There have been many ‘times’ in my life thus far.  There will be many more ‘times’ to come: Birthdays, Funerals, Baby Showers, Eulogies, and Obituaries.  There will be cradles and caskets, blown-out birthday candles and incense we light in homage to the dearly departed, cheers for a brand new life and prayers for pain at end of life, first formed and then loose teeth to dentures, smooth skin and wrinkly wrinkles, and endless photos to try capture the outer transformations of a human body without the ability to capture the inner transpirations of a human life. 
 
From all these one last times, I have now reached a time in my life that I do not think of death as an ending or beginning point.  I see it as a point place with many more times to embrace, nothing to fear, and everything to sit with and accept.  Many view birth as the beginning and death as the ending, but I am seeing that it is everything in between that is truly life and that possess the most significant meaning.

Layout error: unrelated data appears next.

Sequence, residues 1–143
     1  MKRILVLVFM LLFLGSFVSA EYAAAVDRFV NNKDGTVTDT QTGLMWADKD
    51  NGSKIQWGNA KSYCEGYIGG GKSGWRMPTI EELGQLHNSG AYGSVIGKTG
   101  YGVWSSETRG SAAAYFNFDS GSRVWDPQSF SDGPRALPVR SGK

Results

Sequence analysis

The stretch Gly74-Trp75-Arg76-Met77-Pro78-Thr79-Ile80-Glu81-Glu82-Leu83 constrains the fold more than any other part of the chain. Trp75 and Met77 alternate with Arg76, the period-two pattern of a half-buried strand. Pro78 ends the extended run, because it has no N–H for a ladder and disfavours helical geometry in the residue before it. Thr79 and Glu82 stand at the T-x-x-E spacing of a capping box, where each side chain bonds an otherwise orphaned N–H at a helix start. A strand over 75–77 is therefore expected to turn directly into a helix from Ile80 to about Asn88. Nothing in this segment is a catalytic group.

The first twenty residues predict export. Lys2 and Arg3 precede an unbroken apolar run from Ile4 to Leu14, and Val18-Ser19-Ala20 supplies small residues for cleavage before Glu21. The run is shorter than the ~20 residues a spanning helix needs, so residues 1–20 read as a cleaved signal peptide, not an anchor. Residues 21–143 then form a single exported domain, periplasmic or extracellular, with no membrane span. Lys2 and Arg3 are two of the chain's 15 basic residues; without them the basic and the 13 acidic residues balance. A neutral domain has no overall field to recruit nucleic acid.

All these times I have experienced.  All these times to come.  So much realized and understood that it is one last time that makes us value all our times of birth, life, and death all the more.
 
Lots of Love & Hugs,

Mary ;-)